Article No. 8. We did not take any formal legal opinion on the point, but I gave at the time what seemed to be the general impression and what seemed to he the ground we, acting for Canada, should properly take. The question became of interest to Switzerland. Switzerland was a little impatient, hardly willing to wait until the treaty was ratified in due course, and desiring that an interpretation should be given the clause at an early date, made application, through the diplomatic channels, to know the Canadian interpretation. Switzerland is an inland country, ultimately determined to be one of the nations entitled to favoured nation treatment, and she was interested in knowing from what ports she should send her goods, these goods being of the same class as mentioned in the treaty. We did not, at that time, think it was desirable that we should undertake to interpret that in any formal and official way. We thought that if the matter was in doubt it ought to he the subject of negotiation with the French authorities before we should give any final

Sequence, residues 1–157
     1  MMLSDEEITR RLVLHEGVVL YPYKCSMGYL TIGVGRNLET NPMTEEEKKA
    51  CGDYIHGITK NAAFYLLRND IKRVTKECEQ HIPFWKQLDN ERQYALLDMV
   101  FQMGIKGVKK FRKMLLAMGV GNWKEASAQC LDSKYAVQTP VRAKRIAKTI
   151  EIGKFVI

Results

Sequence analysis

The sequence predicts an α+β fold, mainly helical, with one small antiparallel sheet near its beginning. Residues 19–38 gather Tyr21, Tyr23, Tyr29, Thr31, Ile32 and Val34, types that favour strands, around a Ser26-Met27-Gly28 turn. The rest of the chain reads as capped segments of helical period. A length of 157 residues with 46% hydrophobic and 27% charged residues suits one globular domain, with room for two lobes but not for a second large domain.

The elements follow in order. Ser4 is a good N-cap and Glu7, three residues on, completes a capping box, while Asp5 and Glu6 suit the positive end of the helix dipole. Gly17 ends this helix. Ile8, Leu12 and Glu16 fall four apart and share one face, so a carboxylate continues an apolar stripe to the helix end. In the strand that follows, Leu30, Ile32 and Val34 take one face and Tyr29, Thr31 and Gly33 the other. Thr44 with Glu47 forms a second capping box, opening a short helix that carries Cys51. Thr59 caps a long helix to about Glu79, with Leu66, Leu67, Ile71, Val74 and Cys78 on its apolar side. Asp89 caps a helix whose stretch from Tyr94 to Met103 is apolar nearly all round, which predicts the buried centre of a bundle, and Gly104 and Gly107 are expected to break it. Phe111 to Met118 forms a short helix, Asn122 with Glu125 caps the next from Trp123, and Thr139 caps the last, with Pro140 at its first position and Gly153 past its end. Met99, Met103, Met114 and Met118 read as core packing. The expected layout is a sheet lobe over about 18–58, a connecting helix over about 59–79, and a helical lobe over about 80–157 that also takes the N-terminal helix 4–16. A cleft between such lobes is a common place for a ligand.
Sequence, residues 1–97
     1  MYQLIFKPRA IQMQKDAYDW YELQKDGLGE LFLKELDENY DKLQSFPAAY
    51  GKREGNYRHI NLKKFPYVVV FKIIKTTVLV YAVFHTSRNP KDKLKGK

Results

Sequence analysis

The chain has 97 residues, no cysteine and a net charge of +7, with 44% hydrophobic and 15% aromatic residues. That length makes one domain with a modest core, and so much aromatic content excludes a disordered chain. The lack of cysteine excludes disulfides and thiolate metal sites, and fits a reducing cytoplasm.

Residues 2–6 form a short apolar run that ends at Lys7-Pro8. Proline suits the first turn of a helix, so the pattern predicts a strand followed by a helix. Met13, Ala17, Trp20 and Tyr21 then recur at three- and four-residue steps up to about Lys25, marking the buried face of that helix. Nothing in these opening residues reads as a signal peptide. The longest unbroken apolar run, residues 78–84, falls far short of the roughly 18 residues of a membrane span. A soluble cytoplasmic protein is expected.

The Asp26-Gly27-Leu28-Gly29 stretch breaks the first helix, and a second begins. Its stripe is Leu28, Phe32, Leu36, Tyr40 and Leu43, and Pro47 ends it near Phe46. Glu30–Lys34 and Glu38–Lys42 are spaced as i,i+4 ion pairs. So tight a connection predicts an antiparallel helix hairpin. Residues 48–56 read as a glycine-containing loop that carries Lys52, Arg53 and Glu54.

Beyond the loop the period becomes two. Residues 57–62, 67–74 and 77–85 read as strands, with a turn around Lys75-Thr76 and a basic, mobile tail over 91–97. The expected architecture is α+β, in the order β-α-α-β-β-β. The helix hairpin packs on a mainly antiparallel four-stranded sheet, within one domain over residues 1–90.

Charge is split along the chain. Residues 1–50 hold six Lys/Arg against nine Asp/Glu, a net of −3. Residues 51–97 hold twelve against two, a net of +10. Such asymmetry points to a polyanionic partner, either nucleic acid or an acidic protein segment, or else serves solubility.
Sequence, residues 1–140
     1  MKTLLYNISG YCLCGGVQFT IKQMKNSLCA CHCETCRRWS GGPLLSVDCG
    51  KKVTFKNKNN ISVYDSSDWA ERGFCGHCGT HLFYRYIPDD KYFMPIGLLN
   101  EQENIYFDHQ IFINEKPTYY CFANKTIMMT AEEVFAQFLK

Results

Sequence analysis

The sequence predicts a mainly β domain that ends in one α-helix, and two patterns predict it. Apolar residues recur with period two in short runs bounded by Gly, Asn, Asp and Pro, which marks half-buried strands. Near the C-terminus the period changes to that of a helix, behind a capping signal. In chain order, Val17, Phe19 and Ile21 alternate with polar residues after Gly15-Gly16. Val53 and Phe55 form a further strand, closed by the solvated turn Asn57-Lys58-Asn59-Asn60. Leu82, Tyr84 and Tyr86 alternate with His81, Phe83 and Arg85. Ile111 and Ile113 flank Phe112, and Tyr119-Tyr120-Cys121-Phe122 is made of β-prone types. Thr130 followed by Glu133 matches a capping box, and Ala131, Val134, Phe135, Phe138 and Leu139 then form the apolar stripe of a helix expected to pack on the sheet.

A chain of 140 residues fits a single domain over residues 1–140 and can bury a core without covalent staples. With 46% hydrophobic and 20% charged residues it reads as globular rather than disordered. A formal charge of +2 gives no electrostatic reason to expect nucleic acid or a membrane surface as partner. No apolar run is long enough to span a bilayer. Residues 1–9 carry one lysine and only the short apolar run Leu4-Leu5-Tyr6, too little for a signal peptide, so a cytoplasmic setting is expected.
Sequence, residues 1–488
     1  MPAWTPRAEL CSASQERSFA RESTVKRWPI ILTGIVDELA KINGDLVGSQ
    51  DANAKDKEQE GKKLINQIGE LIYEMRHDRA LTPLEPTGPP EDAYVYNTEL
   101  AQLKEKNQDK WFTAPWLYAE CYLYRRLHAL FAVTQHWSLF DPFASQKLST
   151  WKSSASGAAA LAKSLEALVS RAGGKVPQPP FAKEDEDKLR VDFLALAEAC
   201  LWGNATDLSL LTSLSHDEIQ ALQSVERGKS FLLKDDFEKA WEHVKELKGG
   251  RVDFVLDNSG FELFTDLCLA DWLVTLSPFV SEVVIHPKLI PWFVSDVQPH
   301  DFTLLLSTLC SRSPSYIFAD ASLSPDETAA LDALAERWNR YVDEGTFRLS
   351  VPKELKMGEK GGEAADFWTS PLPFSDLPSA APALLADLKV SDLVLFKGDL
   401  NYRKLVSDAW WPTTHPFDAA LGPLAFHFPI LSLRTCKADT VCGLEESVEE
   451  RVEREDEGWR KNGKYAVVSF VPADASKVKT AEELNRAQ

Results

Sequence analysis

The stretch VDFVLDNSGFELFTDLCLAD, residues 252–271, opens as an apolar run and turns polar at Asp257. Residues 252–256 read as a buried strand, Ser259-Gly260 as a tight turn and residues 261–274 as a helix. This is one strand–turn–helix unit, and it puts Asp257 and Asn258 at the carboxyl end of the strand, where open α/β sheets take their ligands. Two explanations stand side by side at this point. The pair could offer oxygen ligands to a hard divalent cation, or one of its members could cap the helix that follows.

interpretation. What we understood from the reading of the treaty was that Switzerland might send her goods to Canada by way of England, because England enjoyed the whole preferential tariff. We were asked if we would care to give an expression of opinion. Having first pointed out that *as the treaty had not been completed, was not yet ratified and had not gone into operation, we were indisposed to come to any official determination on that point and lay it before a third party, yet, in answer to the request of the imperial authorities, we stated the view which we had expressed in parliament in answer, if I recollect correctly, to the question of my hon. friend from Jacques Cartier (Mr. Monk). That interpretation was accepted and approved by the British government with, however, the remark that the point was not free from [DOT]doubt.